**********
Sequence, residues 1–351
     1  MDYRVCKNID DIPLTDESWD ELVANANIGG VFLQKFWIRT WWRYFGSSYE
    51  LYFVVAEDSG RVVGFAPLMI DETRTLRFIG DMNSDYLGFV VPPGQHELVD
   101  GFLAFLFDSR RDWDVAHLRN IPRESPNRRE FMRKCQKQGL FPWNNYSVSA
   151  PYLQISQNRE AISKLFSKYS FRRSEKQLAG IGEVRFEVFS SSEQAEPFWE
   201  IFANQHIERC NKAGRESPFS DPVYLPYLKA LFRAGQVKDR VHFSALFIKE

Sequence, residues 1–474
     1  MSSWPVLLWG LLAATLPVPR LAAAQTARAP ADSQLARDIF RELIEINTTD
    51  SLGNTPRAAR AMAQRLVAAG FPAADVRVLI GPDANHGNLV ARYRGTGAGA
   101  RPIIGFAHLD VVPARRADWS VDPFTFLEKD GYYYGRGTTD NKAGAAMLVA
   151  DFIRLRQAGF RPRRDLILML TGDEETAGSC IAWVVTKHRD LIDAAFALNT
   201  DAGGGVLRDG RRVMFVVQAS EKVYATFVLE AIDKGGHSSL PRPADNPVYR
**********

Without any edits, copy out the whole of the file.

Sequence, residues 1–351
     1  MDYRVCKNID DIPLTDESWD ELVANANIGG VFLQKFWIRT WWRYFGSSYE
    51  LYFVVAEDSG RVVGFAPLMI DETRTLRFIG DMNSDYLGFV VPPGQHELVD
   101  GFLAFLFDSR RDWDVAHLRN IPRESPNRRE FMRKCQKQGL FPWNNYSVSA
   151  PYLQISQNRE AISKLFSKYS FRRSEKQLAG IGEVRFEVFS SSEQAEPFWE
   201  IFANQHIERC NKAGRESPFS DPVYLPYLKA LFRAGQVKDR VHFSALFIKE

Sequence, residues 1–474
     1  MSSWPVLLWG LLAATLPVPR LAAAQTARAP ADSQLARDIF RELIEINTTD
    51  SLGNTPRAAR AMAQRLVAAG FPAADVRVLI GPDANHGNLV ARYRGTGAGA
   101  RPIIGFAHLD VVPARRADWS VDPFTFLEKD GYYYGRGTTD NKAGAAMLVA
   151  DFIRLRQAGF RPRRDLILML TGDEETAGSC IAWVVTKHRD LIDAAFALNT
   201  DAGGGVLRDG RRVMFVVQAS EKVYATFVLE AIDKGGHSSL PRPADNPVYR